Writing about learning Python and the odd bit of Linux related stuff I come across and find helpful. A bit about cycling. Long distance audax. The odd comment on unrelated ideas that I feel benefit from thinking about, writing down and sharing. That kind of thing. Enough is plenty. Good enough will do.
5449 words

Wednesday 20th January 2021

Read the manual. Learning how to code command line interfaces. Discovered Typer. If I'd read the manual it would not have taken so long to figure out how to have a function invoked without entering a command and also not executing the callback if there's another command specifed. The code below included with a bunch of @app.command()'s did it...

def main(ctx: typer.Context):
    functon is invoked if no command entered.
    if ctx.invoked_subcommand is None:
        typer.echo(os.system('ls -p | grep -v /'))

Good Mood Foods to Add to Your Menu

Probiotics and Prebiotics

To reset your gut microbiome, increase the probiotics and prebiotics you eat. Probiotic-rich foods contain bacteria that help your body and brain. An animal study in 2017 from the University of Virginia School of Medicine indicated that Lactobacillus can reverse depression in rats. Similar findings have been established in humans.

Prebiotics are essentially food for probiotics. Probiotics break down prebiotics to form short-chain fatty acids that help reduce gut inflammation, block the growth of cancerous cells, and help the growth of healthy cells.

Certain species of gut bacteria have the ability to boost levels of brain chemicals such as gamma-aminobutyric acid (GABA), which may speed relief from depression and other mental health conditions.
Eat this:

Probiotics. Yogurt with active cultures (avoid yogurts high in added sugars), tempeh, miso, and natto (fermented soybean products), sauerkraut, kefir, kimchi, kombucha, buttermilk, and some cheeses such as cheddar, mozzarella, and Gouda.

Prebiotics. Beans and other legumes, oats, bananas, berries, garlic, onions, dandelion greens, asparagus, and leeks.

Foods Rich in Good Mood Vitamins

Many vitamins play key roles in preventing and easing depression. A deficiency in vitamin B12 and folate (B9) can contribute to a loss of brain cells which is associated with depression.

Vitamins B1 (thiamine) and B6 (pyridoxine), vitamin A, and vitamin C all play crucial roles in brain function and mood regulation.
Eat this:

Find B12 and folate in legumes, citrus fruits, bananas, avocados, leafy greens and crucifers, asparagus, beets, nuts, seeds, fish and shellfish.

Vitamins B1 and B6 in the foods in the B12 and folate section, as well as in soybeans and whole grains.

Vitamin A in sweet potatoes, carrots, spinach, and black-eyed peas.

Vitamin C in citrus, cantaloupe, strawberries, broccoli, cauliflower, Brussels sprouts.

Foods Rich in Iron and Good Mood Minerals

Iron, magnesium, and zinc all play vital roles in proper brain function, and deficiencies
in these minerals has been linked to depression in clinical studies. Several case studies in which patients were treated with 125-300mg of magnesium have demonstrated rapid recovery from major depression, often in less than a week.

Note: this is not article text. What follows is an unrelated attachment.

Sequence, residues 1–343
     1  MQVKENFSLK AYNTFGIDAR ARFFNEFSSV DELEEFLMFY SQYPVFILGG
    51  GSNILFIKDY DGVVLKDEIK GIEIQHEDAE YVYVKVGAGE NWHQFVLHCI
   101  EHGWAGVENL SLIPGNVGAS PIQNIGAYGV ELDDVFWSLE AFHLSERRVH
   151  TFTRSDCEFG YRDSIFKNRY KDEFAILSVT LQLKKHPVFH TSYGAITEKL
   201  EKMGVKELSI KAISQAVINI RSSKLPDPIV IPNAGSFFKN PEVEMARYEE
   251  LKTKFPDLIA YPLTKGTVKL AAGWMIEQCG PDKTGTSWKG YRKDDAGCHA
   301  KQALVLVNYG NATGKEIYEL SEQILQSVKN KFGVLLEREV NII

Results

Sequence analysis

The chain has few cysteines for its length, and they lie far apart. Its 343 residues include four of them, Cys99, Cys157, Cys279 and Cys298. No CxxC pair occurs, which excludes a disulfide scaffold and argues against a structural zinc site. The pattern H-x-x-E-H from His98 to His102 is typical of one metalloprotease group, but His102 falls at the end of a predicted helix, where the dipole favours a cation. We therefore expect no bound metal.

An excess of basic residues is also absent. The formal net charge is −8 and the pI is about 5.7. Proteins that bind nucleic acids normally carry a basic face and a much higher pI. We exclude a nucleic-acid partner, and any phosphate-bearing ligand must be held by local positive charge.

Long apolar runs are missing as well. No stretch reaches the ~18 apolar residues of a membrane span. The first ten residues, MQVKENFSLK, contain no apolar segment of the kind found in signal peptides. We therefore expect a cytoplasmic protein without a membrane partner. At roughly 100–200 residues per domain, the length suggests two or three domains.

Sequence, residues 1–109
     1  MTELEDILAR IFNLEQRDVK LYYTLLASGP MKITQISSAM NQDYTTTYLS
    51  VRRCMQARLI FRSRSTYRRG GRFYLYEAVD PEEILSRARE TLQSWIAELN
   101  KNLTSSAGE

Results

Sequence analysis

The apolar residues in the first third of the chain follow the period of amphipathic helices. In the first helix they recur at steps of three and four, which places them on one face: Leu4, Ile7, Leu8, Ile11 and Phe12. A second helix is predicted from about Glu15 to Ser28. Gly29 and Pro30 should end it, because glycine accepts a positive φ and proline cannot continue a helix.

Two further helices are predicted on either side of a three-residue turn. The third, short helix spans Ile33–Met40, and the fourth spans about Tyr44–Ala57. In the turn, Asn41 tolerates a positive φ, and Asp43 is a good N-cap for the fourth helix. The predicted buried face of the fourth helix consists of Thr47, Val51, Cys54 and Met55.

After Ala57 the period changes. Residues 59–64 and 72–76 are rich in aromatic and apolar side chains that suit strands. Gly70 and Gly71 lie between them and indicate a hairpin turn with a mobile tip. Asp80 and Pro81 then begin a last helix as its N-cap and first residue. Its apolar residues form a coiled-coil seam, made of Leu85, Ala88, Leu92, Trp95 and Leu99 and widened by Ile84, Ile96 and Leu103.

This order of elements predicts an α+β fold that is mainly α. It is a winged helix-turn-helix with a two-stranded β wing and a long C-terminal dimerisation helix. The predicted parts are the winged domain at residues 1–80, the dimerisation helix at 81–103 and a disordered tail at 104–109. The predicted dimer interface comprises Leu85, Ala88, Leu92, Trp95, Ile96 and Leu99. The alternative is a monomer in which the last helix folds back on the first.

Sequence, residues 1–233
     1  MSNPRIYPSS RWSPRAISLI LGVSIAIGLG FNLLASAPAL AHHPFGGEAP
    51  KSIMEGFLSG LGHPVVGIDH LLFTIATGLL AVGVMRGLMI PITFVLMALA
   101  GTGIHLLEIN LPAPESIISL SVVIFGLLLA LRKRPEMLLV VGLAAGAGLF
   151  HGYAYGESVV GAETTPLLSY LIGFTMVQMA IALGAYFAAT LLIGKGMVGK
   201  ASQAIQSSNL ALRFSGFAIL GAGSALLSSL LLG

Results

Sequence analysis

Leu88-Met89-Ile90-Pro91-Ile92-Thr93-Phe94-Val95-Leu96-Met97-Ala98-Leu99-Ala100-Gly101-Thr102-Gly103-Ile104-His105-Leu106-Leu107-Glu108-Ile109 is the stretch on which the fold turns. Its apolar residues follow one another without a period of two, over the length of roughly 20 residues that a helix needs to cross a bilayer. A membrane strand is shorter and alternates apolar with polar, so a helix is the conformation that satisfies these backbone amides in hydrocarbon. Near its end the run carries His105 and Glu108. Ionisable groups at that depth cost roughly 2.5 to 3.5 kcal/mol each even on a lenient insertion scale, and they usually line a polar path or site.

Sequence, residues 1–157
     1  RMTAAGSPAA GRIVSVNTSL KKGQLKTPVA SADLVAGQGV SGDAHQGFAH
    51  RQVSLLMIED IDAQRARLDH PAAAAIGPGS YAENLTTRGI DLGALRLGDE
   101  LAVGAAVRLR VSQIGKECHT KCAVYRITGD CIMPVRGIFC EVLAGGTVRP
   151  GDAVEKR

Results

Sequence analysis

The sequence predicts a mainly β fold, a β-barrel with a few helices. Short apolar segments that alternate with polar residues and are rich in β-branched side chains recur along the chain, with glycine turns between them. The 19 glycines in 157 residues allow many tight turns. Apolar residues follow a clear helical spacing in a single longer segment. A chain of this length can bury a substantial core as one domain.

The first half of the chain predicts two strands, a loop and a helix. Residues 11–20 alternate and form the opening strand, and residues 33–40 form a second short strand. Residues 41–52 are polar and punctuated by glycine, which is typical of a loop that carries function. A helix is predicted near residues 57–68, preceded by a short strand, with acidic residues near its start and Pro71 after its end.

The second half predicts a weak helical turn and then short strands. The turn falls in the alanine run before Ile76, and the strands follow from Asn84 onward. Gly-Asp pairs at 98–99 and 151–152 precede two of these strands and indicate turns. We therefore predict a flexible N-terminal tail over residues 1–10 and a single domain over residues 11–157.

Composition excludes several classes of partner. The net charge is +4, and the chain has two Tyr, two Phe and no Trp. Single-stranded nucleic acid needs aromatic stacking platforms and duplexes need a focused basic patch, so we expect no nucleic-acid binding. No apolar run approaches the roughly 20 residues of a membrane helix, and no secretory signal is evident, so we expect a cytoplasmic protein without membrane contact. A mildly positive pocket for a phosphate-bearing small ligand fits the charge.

Eat this:

Iron-rich foods. Shellfish, lean red meats and organ meats (in moderation), eggs, legumes, pumpkin seeds, broccoli, spinach, and dark chocolate (also in moderation).

Magnesium-rich foods. Avocados, bananas, dried apricots, nuts and seeds, legumes, whole grains, and some omega- 3-rich fish (such as salmon and mackerel).

Zinc-rich foods. Seafood (especially cooked oysters), lean beef, and poultry, with lower amounts found in beans (chickpeas and lentils), nuts, and whole grains.

Foods Rich in Omega-3 Fatty Acids

Omega-3s are crucial to mental health. But since we cannot produce them on our own, we must get our omega-3s from our diet. The three main omega-3 fatty acids are alphalinolenic acid (ALA), eicosapentaenoic acid (EPA), and docosahexaenoic acid (DHA). EPA and DHA are the omega-3s most critical in mood disorders, so it’s particularly important to ensure that you get enough of them. Omega-3s lower inflammatory markers and protect neurons from excessive inflammation.
Eat this:

Cold-water fatty fish such as salmon, mackerel, tuna, herring, and sardines, contain high amounts of omega-3s. Trimmer fish like bass and trout are good sources, too.

Grass-fed beef contains more omega-3s than conventional beef.

ALA sources include edamame, walnuts, and chia seeds.

Omega-3- fortified foods on the market, especially eggs, milk, and yogurt.

Herbs and Spices

Many seasonings help the brain fight off free radicals and prevent oxidative stress, which can damage tissues. Pair them with the antidepressant foods to double their mood-boosting effects.
Eat this:

Saffron. A 2017 study revealed that 15 mg of saffron is as effective as 20 mg of Prozac in decreasing depressive symptoms. In animals, saffron increases levels of the good mood neurotransmitters glutamate and dopamine.

Oregano. Researchers have connected carvacrol, an active ingredient in oregano, with neuroprotective and antidepressant effects in animal studies, although to date, there are no such studies in humans.

Turmeric. A meta-analysis in 2017 found that curcumin, an active ingredient in turmeric, reduces depressive symptoms by adjusting brain chemistry and protecting brain cells against toxic damage that leads to depression.

Other mood-boosting herbs. Lavender, passionflower, and chamomile are all herbs that can be helpful for depression too. They’re easiest enjoyed as teas.